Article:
inappropriate "initialization makes pointer from integer without a cast" warning

This is a discussion on inappropriate "initialization makes pointer from integer without a cast" warning within the C Programming forums, part of the General Programming Boards category; I think I've seen something like this before and someone had an explanation: Code: #include <time.h> #include <stdio.h> int main() ...

  1. #1
    spurious conceit MK27's Avatar
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    inappropriate "initialization makes pointer from integer without a cast" warning

    I think I've seen something like this before and someone had an explanation:
    Code:
    #include <time.h>
    #include <stdio.h>
    
    int main() {
    	struct tm *data = getdate("1/1/2010 12 AM");
    	return 0;
    }
    time_convert.c:5: warning: initialization makes pointer from integer without a cast

    From /usr/include/time.h:
    Code:
    extern struct tm *getdate (__const char *__string);
    C programming resources:
    GNU C Function and Macro Index -- glibc reference manual
    The C Book -- nice online learner guide
    Current ISO draft standard
    CCAN -- new CPAN like open source library repository
    3 (different) GNU debugger tutorials: #1 -- #2 -- #3
    cpwiki -- our wiki on sourceforge

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    You mean that error occurs if you don't include time.h? In that case, I can explain it (since it's assumed to return an integer since the function isn't declared). Otherwise, I'm not too sure.

  3. #3
    spurious conceit MK27's Avatar
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    Quote Originally Posted by EVOEx View Post
    You mean that error occurs if you don't include time.h? In that case, I can explain it (since it's assumed to return an integer since the function isn't declared). Otherwise, I'm not too sure.
    I would expect it to happen if I don't include time.h, which is why I highlighted the fact that I did include it
    C programming resources:
    GNU C Function and Macro Index -- glibc reference manual
    The C Book -- nice online learner guide
    Current ISO draft standard
    CCAN -- new CPAN like open source library repository
    3 (different) GNU debugger tutorials: #1 -- #2 -- #3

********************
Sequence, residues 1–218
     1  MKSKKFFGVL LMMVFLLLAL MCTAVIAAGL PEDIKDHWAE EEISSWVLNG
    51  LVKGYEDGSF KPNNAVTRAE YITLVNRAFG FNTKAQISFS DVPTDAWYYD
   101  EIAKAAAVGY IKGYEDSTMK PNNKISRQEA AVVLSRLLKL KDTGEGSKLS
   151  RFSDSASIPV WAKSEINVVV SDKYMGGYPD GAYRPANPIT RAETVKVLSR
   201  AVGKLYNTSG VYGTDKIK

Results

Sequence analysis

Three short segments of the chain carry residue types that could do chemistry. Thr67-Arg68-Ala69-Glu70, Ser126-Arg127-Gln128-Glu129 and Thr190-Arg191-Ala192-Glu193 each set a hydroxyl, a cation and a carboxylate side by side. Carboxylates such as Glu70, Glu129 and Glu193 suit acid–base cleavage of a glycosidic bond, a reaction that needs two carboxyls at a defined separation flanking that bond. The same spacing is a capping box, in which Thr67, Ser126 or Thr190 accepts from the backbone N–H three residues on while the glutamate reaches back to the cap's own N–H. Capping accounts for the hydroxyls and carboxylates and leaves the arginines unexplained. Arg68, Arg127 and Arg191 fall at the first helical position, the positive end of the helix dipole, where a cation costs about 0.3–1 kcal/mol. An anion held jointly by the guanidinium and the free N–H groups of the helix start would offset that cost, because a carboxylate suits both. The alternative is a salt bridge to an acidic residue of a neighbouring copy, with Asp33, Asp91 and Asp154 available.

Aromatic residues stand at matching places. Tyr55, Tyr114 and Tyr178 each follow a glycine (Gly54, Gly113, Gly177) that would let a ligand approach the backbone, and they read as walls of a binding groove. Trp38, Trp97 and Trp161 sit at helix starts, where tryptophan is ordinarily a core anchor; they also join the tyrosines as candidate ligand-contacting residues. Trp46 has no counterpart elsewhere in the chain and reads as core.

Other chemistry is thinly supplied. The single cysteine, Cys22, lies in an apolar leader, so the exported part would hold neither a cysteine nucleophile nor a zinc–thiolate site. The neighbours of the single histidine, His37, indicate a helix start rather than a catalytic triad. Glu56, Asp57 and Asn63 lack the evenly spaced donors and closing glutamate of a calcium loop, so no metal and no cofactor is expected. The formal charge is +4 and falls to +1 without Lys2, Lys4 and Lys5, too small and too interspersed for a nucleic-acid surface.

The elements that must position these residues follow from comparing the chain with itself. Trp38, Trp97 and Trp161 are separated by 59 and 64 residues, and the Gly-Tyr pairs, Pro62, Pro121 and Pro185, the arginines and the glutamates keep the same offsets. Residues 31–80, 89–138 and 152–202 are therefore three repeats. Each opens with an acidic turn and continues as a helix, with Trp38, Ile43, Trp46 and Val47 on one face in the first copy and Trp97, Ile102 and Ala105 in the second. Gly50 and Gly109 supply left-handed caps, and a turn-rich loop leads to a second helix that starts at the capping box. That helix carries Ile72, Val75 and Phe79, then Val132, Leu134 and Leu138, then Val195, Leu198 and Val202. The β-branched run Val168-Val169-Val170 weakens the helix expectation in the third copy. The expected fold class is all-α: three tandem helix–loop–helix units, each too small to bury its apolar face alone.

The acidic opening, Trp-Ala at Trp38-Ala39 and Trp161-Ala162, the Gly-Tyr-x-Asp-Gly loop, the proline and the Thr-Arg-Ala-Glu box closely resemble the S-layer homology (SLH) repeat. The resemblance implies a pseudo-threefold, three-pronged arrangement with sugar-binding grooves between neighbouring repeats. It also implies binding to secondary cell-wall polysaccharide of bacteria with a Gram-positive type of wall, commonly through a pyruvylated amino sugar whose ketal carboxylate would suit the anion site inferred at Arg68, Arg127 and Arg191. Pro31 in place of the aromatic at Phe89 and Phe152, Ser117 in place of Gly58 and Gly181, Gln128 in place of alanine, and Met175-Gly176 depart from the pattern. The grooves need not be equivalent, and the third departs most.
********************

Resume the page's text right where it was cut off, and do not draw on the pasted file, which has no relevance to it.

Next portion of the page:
cpwiki -- our wiki on sourceforge

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    Ah. You'll have to do "#define _XOPEN_SOURCE 500" before including time.h. I'm not sure why this is, though... It's a design choice of the makers of the header files. So there must be a good reason.

  5. #5
    spurious conceit MK27's Avatar
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    Quote Originally Posted by EVOEx View Post
    Ah. You'll have to do "#define _XOPEN_SOURCE 500" before including time.h. I'm not sure why this is, though... It's a design choice of the makers of the header files. So there must be a good reason.
    That solves the problem, thanks. But what a function this turns out to be:
    Variable: getdate_err

    This variable of type int contains the error code of the last unsuccessful call to getdate. Defined values are:

    1
    The environment variable DATEMSK is not defined or null.

    [...]

    The interface to getdate is the simplest possible for a function to parse a string and return the value. string is the input string and the result is returned in a statically-allocated variable.

    The details about how the string is processed are hidden from the user. In fact, they can be outside the control of the program. Which formats are recognized is controlled by the file named by the environment variable DATEMSK. This file should contain lines of valid format strings which could be passed to strptime.
    So now I have to create some global system file and set an env variable in order to use "the simplest possible for a function to parse a string and return the value"? Grrr...I think I'm going back to the "tricky low level" funcs.
    C programming resources:
    GNU C Function and Macro Index -- glibc reference manual
    The C Book -- nice online learner guide
    Current ISO draft standard
    CCAN -- new CPAN like open source library repository
    3 (different) GNU debugger tutorials: #1 -- #2 -- #3
    cpwiki -- our wiki on sourceforge

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    Maybe you could use strptime? Not sure if that's better, though. And it needs _XOPEN_SOURCE as well (apparently this is for UNIX compatibility or so...).

  7. #7
    spurious conceit MK27's Avatar
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    Quote Originally Posted by EVOEx View Post
    Maybe you could use strptime? Not sure if that's better, though. And it needs _XOPEN_SOURCE as well (apparently this is for UNIX compatibility or so...).
    Yeah. Like, OMG:
    Code:
    	struct tm data;
    	strptime("1/1/10 12 AM", "%D %I %p", &data);
    That is too crazy. [Sarcasm] Somebody better write a more user friendly function, like "getdate".
    C programming resources:
    GNU C Function and Macro Index -- glibc reference manual
    The C Book -- nice online learner guide
    Current ISO draft standard
    CCAN -- new CPAN like open source library repository
    3 (different) GNU debugger tutorials: #1 -- #2 -- #3
    cpwiki -- our wiki on sourceforge

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